I have co-authored two introductory texts on research methods:
Understanding Clinical Papers, David Bowers, Allan House, David Owens + Bridgette Bewick (Chichester: John Wiley & Sons, 4th edition 2021). Taking the reader through every part of a clinical paper from the title at the beginning to the acknowledgements and references at the end, and using examples from a diverse selection of published papers, this book has proved a popular and enduring introduction to the design, conduct and reporting of clinical and applied health research.
Getting Started in Health Research, David Bowers, Allan House and David Owens (Chichester: John Wiley & Sons, 2011). Many people want to undertake health research – as part of studies for an undergraduate or postgraduate degree, to answer a question raised during their work, as a first step on an academic career. This book introduces the principles of designing and conducting a first project.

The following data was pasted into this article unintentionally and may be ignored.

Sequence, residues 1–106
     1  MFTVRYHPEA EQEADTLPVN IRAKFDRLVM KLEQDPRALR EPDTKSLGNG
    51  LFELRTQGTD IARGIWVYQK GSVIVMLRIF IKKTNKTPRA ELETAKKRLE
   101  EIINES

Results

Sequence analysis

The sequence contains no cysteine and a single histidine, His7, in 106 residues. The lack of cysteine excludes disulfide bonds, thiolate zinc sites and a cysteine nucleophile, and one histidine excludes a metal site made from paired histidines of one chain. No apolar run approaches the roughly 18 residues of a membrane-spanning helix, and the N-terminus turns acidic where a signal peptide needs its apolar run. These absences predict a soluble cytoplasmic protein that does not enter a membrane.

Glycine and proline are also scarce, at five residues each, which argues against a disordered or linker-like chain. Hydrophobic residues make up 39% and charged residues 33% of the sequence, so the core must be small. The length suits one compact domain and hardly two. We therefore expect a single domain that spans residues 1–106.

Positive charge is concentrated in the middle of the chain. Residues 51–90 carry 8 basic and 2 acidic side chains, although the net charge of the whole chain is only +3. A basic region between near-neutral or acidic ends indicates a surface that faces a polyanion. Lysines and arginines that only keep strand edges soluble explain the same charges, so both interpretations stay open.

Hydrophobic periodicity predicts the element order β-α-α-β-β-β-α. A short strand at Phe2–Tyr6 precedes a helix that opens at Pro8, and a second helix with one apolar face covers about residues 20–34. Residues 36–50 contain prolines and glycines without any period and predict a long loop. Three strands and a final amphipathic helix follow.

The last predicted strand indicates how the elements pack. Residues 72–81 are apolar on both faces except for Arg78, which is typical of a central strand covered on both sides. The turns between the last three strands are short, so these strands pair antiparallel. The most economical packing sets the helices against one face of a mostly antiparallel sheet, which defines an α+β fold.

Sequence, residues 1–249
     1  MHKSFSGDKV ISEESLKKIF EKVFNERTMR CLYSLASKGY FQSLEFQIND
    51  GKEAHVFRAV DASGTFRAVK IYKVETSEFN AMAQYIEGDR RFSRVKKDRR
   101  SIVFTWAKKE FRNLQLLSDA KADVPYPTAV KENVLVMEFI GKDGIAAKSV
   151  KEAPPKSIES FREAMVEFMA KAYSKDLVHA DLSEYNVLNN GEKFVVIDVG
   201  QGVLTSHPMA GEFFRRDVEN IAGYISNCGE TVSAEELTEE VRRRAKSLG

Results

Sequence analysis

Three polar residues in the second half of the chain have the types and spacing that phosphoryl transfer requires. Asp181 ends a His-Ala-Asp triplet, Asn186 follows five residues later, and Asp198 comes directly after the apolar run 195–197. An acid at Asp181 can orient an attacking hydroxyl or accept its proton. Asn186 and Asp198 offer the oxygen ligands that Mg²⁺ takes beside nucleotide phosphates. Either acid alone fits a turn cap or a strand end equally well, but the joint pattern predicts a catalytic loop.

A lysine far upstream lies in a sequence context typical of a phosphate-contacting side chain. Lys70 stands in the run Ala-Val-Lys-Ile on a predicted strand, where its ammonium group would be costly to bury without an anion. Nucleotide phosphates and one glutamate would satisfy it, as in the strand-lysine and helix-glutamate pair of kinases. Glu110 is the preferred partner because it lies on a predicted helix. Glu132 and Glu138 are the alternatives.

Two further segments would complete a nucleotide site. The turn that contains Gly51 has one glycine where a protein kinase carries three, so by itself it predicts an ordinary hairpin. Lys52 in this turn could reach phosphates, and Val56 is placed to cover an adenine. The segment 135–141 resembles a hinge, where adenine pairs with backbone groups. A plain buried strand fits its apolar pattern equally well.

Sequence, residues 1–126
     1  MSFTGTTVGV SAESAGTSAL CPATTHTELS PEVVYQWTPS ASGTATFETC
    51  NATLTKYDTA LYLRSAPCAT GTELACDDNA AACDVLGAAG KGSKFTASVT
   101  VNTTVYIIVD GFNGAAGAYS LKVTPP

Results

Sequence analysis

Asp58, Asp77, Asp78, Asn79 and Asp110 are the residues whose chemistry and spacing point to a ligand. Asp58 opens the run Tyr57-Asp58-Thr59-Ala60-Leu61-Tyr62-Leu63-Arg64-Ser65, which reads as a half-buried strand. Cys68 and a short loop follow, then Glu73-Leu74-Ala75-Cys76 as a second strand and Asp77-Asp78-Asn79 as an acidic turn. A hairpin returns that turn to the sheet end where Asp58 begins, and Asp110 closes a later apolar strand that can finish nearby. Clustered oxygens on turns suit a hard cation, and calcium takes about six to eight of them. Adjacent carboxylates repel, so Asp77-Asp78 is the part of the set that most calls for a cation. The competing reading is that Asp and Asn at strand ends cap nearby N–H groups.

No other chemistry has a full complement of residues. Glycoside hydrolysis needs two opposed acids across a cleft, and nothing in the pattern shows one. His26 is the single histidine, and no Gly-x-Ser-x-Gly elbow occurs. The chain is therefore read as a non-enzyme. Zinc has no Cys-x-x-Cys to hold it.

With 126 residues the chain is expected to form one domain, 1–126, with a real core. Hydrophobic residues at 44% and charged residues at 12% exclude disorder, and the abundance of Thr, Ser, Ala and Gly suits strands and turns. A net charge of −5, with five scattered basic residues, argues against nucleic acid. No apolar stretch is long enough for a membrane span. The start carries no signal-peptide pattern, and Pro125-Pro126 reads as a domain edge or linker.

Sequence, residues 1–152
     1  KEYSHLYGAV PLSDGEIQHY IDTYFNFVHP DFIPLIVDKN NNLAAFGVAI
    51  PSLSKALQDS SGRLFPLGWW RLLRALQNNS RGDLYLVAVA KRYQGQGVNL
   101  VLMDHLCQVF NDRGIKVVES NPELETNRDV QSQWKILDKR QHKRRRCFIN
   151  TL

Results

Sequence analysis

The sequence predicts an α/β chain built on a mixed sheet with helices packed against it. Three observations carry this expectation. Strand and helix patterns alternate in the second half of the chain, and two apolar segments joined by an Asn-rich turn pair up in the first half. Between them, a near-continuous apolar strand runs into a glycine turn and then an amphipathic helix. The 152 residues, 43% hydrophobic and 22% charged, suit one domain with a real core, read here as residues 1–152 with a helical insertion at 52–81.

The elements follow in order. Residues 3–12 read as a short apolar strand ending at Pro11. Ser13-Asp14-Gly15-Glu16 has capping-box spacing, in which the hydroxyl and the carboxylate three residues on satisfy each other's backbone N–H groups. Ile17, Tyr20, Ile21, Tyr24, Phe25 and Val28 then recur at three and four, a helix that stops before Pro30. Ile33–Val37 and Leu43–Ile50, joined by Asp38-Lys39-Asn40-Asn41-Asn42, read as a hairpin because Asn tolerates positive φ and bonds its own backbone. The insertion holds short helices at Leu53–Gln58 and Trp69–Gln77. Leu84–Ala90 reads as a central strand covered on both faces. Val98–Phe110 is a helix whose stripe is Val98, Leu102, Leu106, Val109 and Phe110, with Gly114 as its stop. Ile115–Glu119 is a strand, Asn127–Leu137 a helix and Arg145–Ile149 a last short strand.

I have written two books for people who live with health problems and want practical advice that isn’t otherwise readily available.
Ten Helpful Hints for Carers: Practical solutions for people living with people with dementia. June Andrews + Allan House.
Useful tips for managing the problems that people find the most challenging when they are living with somebody with dementia. Written with my colleague Professor June Andrews, an international expert in dementia care.
My book Understanding and Responding to Self-harm: The One Stop Guide (Profile Books) was published in June 2019.
Written in clear accessible language, this well-received book covers the facts about self-harm and offers practical detailed advice about how to help as a friend or family member, and how to seek help if you are personally affected – talking to those close to you, visiting your family doctor, going to hospital or using mental health services.
Most recently I have published with Cambridge University Press a multi-author book written by international experts and edited by me and my colleague at the University of Leeds, Dr Cathy Brennan. The book reviews what can be said with some certainty and what remains unclear about the relation between social media use and mental health. It also introduces recent work aimed at co-producing helpful online resources for young people seeking support.